Large thermal gradients represent major operational hazards in microprocessors; hence, there is a critical need to monitor possible hot spots both accurately and in real time. Thermal monitoring in microprocessors is typically performed using temperature sensors embedded in the electronic board. The location of the temperature sensors is primarily determined by the sensor space claim rather than the ideal location for thermal management. This paper presents an optimization methodology to determine the most beneficial locations for the temperature sensors inside of the microprocessors, based on input from high-resolution surface infrared thermography combined with inverse heat transfer solvers to predict hot spot locations. Specifically, the infrared image is used to obtain the temperature map over the processor surface, and subsequently delivers the input to a three-dimensional (3D) inverse heat conduction methodology, used to determine the temperature field within the processor. In this paper, simulated thermal maps are utilized to assess the accuracy of this method. The inverse methodology is based on a function specification method combined with a sequential regularization in order to increase accuracy in the results. Together with the number of sensors, the temperature field within the processor is then used to determine the optimal location of the temperature sensors using a genetic algorithm optimization combined with a Kriging interpolation. This combination of methodologies was validated against the finite element analysis of a chip incorporating heaters and temperature sensors. An uncertainty analysis of the inverse methodology and the Kriging interpolation was performed separately to assess the reliability of the procedure.

Commentary by Dr. Valentin Fuster
J. Electron. Packag. 2018;140(1):010906-010906-7. doi:10.1115/1.4039027.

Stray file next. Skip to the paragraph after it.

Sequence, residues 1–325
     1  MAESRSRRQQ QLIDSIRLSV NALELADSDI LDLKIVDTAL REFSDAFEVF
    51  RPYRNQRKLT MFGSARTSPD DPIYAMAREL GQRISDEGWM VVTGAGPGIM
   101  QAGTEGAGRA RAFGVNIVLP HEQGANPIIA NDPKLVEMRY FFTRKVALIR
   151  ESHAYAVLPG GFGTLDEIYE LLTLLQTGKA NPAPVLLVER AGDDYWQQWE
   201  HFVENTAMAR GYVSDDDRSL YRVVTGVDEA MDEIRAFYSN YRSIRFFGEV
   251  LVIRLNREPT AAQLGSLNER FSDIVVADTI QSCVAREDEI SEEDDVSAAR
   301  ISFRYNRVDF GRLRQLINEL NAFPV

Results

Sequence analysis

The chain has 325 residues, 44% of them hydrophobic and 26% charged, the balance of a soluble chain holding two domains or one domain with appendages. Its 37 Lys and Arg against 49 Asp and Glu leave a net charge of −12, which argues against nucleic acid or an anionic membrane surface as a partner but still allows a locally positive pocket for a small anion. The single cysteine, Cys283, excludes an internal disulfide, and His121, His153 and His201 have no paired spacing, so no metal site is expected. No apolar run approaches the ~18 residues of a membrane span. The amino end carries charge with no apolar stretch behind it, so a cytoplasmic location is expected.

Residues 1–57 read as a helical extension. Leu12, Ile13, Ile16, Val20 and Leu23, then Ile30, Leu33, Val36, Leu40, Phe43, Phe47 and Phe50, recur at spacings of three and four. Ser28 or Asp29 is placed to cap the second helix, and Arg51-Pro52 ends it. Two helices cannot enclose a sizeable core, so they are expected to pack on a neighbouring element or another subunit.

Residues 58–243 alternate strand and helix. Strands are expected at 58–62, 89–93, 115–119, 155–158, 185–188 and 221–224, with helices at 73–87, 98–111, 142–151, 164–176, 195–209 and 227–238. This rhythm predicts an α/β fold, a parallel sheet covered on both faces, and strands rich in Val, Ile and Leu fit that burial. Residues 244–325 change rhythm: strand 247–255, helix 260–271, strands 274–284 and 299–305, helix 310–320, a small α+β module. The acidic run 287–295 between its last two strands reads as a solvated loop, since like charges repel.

Predominant high melting point solders for high-temperature and harsh environment electronics (operating temperatures from 200 to 250 °C) are Pb-based systems, which are being subjected to RoHS regulations because of their toxic nature. In this study, high bismuth (Bi) alloy compositions with Bi-XSb-10Cu (X from 10 wt % to 20 wt %) were designed and developed to evaluate their potential as high-temperature, Pb-free replacements. Reflow processes were developed to make die-attach samples made from the cast Bi alloys. Die-attach joints made from Bi-15Sb-10Cu alloy exhibited an average shear strength of 24 MPa, which is comparable to that of commercially available high Pb solders. These alloy compositions also retained original shear strength even after thermal shock (TS) between −55 °C and +200 °C and high-temperature storage (HTS) at 200 °C. Brittle interfacial fracture sometimes occurred along the interfacial NiSb layer formed between Bi(Sb) matrix and Ni metallized surface. In addition, heat dissipation capabilities, using flash diffusivity, were measured on the die-attach assembly and were compared to the corresponding bulk alloys. The thermal conductivity of all the Bi–Sb alloys was higher than that of pure Bi. By creating high volume fraction of precipitates in a die-attach joint microstructure, it was feasible to further increase thermal conductivity of this joint to 24 W/m·K, which is three times higher than that of pure Bi (8 W/m·K). Bi–15Sb–10Cu alloy has so far shown the most promising performance as a die-attach material for high-temperature applications (operated over 200 °C). Hence, this alloy was further studied to evaluate its potential for plastic deformation. Bi–15Sb–10Cu alloy has shown limited plastic deformation in room temperature tensile testing in which premature fracture occurred via the cracks propagated on the (111) cleavage planes of rhombohedral crystal structure of the Bi(Sb) matrix. The same alloy has, however, shown up to 7% plastic strain under tension when tested at 175 °C. The cleavage planes, which became oriented at smaller angles to the tensile stress, contributed to improved plasticity in the high-temperature test.